Star Wars: The Bad Batch Season 2 is a step in the right direction for the crew of misfits

Hunter, Echo, Tech, Wrecker and Omega return in the second season of The Bad Batch. We catch back up with the crew, still embarking on dangerous adventures, while the threat of the Empire increases and they continue to distance themselves from the use of Clone troopers.

My relationship with The Bad Batch has certainly had its ups and downs. It’s an animated series that’s targeted predominantly at kids, and as a result it’s filled with inconsequential one-off adventures that are designed as a bit of fun more than anything else. Because of these rather simple “adventure of the week” type episodes, the series has somewhat struggled to build up a sense of excitement in me from week to week. When this season kicked off, I can’t say I was impressed. The first half of the 16-episode run doesn’t have much to offer besides two, maybe three, definitively good episodes. And in that, those few great episodes focused on characters not within our core group, like Crosshair for example. The rest of those episodes in the first half were just fine. There wasn’t anything particularly memorable about them and they all disappear into the background.

Just when the season looked to be heading in the direction of being mediocre overall, the back half arrives to save the day. I’d say five to six of the last eight episodes are fantastic, with the remainder being the usual average and inconsequential sidetracks. There’s a shift away from the structure where the Batch accepts a mission, completes said mission and moves on to the next – a change which was a long time coming. The bulk of these late episodes look at the ruthlessness of the Empire, feature great connections to other corners of the galaxy, and incorporate high levels of tension. When the series delves into darker, more thrilling content like this, and focuses on season-long arcs as opposed to episodic adventures, it’s a genuinely fun ride that makes me want to come back for more. There are ways to appease the kids and make the narrative consistently fun (like Star Wars: Rebels), but The Bad Batch hasn’t quite nailed it.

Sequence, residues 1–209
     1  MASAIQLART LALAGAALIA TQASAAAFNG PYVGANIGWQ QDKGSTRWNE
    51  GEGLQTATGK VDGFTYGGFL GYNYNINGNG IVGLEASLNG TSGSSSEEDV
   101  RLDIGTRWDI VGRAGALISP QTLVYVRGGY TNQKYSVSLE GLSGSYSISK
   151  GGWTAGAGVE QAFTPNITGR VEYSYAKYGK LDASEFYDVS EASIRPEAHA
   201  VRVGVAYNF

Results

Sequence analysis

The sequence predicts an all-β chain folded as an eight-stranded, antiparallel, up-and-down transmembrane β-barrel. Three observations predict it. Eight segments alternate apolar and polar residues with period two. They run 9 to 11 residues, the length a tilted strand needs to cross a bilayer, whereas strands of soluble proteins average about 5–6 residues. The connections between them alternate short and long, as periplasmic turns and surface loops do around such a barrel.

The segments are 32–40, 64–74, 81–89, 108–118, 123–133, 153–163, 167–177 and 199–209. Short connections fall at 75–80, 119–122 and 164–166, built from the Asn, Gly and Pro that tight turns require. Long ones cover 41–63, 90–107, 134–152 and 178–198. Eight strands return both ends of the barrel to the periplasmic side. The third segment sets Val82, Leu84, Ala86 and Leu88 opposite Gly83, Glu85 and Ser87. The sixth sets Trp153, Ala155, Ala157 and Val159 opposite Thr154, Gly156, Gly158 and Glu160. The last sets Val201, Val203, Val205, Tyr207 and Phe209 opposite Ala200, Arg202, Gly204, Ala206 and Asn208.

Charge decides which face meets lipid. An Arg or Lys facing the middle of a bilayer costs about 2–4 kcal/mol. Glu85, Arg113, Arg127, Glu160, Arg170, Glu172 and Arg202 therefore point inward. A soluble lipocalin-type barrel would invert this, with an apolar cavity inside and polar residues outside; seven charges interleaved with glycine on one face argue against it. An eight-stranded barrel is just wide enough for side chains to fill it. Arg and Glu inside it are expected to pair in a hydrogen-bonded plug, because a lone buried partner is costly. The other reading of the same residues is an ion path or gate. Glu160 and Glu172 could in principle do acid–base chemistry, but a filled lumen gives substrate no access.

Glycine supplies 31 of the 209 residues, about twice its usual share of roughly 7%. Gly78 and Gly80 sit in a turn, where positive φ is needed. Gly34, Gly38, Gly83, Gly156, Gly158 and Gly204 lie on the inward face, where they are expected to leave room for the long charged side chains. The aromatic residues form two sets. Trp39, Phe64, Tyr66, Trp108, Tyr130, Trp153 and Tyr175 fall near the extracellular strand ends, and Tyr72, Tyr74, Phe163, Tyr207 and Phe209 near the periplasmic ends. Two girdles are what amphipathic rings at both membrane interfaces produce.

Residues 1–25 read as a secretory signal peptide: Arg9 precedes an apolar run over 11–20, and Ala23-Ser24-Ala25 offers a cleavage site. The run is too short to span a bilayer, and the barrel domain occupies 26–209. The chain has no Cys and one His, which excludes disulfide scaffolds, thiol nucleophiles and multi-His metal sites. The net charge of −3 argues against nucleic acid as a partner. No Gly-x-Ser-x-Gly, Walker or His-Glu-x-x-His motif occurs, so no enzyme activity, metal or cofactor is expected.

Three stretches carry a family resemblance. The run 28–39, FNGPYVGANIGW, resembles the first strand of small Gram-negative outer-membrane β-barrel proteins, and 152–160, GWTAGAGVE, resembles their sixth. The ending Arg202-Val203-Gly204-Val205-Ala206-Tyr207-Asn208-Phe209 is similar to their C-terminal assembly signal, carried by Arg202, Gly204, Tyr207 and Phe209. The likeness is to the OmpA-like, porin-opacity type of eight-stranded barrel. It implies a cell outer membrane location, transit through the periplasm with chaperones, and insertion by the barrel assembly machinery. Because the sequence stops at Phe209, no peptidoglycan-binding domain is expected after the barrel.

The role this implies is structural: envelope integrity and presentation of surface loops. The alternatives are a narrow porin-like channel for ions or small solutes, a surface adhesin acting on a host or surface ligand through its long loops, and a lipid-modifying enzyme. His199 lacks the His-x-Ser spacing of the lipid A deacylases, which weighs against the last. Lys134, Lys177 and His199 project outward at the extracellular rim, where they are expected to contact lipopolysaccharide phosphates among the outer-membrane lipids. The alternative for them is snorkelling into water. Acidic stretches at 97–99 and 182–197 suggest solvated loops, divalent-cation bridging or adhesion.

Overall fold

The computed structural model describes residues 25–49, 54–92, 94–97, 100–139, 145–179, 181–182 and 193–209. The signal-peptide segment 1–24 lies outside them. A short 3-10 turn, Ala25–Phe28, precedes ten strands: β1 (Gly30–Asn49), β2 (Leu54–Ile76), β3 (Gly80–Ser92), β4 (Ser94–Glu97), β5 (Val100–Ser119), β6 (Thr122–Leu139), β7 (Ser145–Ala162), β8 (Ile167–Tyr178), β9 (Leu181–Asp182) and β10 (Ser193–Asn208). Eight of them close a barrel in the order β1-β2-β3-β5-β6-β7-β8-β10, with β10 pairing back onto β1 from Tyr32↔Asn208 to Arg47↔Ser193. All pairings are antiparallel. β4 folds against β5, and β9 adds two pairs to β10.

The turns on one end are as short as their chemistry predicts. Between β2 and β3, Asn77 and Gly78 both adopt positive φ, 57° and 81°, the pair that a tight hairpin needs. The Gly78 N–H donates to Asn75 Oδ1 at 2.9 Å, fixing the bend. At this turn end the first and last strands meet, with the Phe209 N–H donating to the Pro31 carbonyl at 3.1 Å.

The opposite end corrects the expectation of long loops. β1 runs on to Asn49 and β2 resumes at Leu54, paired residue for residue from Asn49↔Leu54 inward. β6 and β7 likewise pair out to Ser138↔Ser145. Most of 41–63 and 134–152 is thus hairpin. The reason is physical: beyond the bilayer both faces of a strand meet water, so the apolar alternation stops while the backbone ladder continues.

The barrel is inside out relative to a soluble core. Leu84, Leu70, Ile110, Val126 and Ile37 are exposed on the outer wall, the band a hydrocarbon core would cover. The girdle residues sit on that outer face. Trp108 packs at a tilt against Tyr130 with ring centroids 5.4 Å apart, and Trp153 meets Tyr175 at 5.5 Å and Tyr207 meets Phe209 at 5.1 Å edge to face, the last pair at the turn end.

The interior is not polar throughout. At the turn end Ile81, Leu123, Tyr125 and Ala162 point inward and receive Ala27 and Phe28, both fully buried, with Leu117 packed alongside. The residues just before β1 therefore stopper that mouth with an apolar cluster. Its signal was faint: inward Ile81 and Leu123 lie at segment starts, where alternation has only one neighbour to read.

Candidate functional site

The one reason I feel it won’t reach the height of shows such as The Clone Wars and Rebels is unfortunately down to the characters. The individual members of the Batch have really grown on me since their introduction in season one (and earlier in The Clone Wars), but they still fall short of being unique and compelling enough to be my favourites. The most interesting, and my favourite character in the series, is Crosshair. Any episode centred around the conflicted clone is guaranteed to be incredible. His journey is just so much more tense than anything the Batch go through, greatly enhancing the opportunities for character growth. Like I said, Hunter, Wrecker, Tech and Echo have grown on me as characters – they exhibit some neat chemistry that makes them feel like a tight-knit group of friends. Omega is the glue that brings them all together, and they have a good dynamic. But despite all that, I love the series more when the focus is on other things within the Star Wars universe, with the Batch being used as a vessel to explore that story.

The fact that Dee Bradley Baker is able to bring a different voice and personality to each member of the Batch, to where you can identify them on their voice alone, is great. His talent shines through every episode regardless of its quality, meaning there’s always something positive to take away, no matter how small. The back and forth between Michelle Ang (Omega) and Dee Bradley Baker makes for some nice character moments, especially late in the season where things get tense. I can’t say I have much of an attachment to the characters, but that’s no fault of the actors.

In the end, there’s fun to be had with this season for all levels of Star Wars fan. It’s a slight step up on the previous season, with the latter half dishing out the goods in the way of tense multi-episode arcs and a slight departure from the “mission of the week” approach. It’s still plagued by its use of one-off episodic adventures, but the focus on characters and plot points outside of the Batch themselves offers plenty of highlights. Theres some great episodes (some that get close to beating the current season of The Mandalorian), so it’s a fun watch for fans of the characters, animated Star Wars fans and of course, kids.



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